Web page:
- 2016 registered 233 human rights defenders assaults and 14 homicides, the majority of those remained unpunished
- The EP reports threats and intimidation campaigns towards court officials
- The EP urges both Guatemalan authorities to comply with their human rights obligations and the Congress to ratify the reform justice proposal.
Brussels 16 of February, 2016. The European Parliament today, during his plenary session in Strasbourg, has approved an urgent resolution on the situation of human rights defenders in Guatemala. By this initiative, eurodeputies both express their concerns and acknowledge the work carried out by human rights defenders. For this reason, they urge the Guatemalan government to adopt measures aimed at protecting HRDs from assaults and dangers they are confronting regularly.
Figures are alarming. The EP recalls that in between January and November 2016, 223 assaults were registered against Human Rights Defenders s as well as 14 killings and 7 attempted murders. Since the beginning of the year, 2 Human Rights Defenders were killed in Guatemala. The majority of these crimes were the final act of a long and repetitive cycle of violence.
The EP also underlines the hostile environment in which justice officials have to work. They face harassment, criminalization, coercion, discredit and intimidation campaigns, which undermine the independence of the judiciary system in the country.
The resolution also supports the new justice reform initiative, which has been presented recently in the Guatemalan Congress. It aims at undertaking legal reforms to strengthen the Rule of Law in the country.
Majority support in the European Parliament
According to Beatriz Becerra, vice-chair of the Subcommittee on Human Rights of the European Parliament and member of the Group of the Alliance of Liberals and Democrats for Europe (ALDE), “human rights defenders are the most powerful asset in the achievement of a more independent justice, however, they are defamed, harassed and ultimately assassinated. For these reasons the Guatemalan government have to protect them with ambitious public policies”.
Last year, Hans-Olaf Henkel, member of the European Conservatives and Reformists Group (ECR) took part in a European Parliament mission to Guatemala. “Since my visit, I closely followed this serious situation and although I developed hopes with the new elected president, today I am deeply disillusioned and the situation of lawyers and Human Rights Defenders seems highly worrying”.
Marina Albiol, of the GUE/NGL group considers that “ showing concerns is not enough”, especially because “EU responsibility is evident”. “There is a link between the presence of multinational corporations and attacks of Human Rights Defenders who oppose and mobilise against hydroelectrical projects, as shown by the case of Pojom II or Renace, mining projects such as FeNix or the one represented by the French oil company Perenco”.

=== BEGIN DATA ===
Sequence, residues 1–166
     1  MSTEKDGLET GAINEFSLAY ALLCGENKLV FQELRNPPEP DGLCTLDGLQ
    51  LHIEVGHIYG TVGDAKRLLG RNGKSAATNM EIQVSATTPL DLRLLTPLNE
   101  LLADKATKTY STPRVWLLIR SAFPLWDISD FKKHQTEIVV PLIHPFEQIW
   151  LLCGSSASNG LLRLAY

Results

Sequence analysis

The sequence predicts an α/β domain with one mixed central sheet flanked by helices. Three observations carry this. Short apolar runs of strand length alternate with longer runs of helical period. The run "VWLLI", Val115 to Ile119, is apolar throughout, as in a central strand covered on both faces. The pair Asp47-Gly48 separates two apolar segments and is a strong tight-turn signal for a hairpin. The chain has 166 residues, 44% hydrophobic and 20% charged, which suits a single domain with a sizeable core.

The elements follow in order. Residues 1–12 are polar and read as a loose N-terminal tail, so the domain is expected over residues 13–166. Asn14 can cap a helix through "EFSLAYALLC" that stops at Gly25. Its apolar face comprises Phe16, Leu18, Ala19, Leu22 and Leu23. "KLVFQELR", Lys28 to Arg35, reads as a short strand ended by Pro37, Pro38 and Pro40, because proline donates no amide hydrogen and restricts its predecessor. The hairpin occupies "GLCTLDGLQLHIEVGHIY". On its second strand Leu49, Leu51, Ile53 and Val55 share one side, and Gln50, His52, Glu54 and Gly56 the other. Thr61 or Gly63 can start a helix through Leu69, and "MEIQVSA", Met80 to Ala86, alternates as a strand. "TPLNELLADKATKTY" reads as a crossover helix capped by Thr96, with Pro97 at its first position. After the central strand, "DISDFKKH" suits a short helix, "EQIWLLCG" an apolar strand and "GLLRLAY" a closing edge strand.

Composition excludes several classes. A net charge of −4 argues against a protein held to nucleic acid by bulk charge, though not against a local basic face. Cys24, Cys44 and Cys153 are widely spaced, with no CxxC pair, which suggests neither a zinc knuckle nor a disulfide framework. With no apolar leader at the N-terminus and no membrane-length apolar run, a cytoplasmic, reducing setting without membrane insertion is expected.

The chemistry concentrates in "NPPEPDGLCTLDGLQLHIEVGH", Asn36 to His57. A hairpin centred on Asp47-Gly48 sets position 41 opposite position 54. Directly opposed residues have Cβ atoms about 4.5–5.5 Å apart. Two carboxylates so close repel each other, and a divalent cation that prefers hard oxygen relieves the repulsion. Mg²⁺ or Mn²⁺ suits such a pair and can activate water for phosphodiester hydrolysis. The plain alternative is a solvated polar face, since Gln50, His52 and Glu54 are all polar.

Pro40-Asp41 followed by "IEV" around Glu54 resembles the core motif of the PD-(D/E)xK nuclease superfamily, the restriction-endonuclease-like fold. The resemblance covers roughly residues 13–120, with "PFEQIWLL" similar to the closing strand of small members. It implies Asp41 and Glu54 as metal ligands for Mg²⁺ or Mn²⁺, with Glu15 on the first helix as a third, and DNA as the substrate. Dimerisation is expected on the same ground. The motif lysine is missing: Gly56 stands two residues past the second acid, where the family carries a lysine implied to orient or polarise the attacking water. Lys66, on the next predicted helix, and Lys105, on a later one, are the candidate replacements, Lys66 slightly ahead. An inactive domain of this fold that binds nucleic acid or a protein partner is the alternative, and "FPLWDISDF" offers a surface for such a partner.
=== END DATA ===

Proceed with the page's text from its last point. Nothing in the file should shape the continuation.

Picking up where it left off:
Finally, Ernest Urtasun, member of the Group of the Greens/European Free Alliance states that “it is not possible that representatives of the judiciary as well as the Director of the International commission against Impunity in Guatemala (CICIG), Iván Velázquez, are subjected to attacks without the government putting in place efficient protective measures. With the introduction of the Constitutional Justice Reform proposal, elaborated with the contribution of many national sectors and under discussion in the Congress now, we can see a light on the horizon although it is imperative that the proposal is fully endorsed”.
Brussels civil society reactions
International organizations and civil society networks, whose membership exceeds 500 organisations, celebrate this parliamentary initiative and share the requests and concerns expressed in it.
These organizations highlight in particular the parliamentary petition which invites the EU to take on a more proactive role in the promotion of the security of Human Rights Defenders, through the adoptions of effective measures and protection mechanisms in the framework of their political dialogue, cooperation and trade relations with Guatemala.
The organisations hope that this resolution can send a clear message to the Guatemalan authorities in order to act and protect human rights defenders, especially women, rural populations, trade unionists, persons discriminated because of their sexual orientation and indigenous communities; who all work towards a democratic society, and in defense of their land, the environment, Economic Social and Cultural rights, justice and the fight against impunity.
For More Information:
Kerstin Reemtsma (Peace Brigades International, Guatemala Project) repeuropea(at)pbi-guatemala.org - 32 470 595295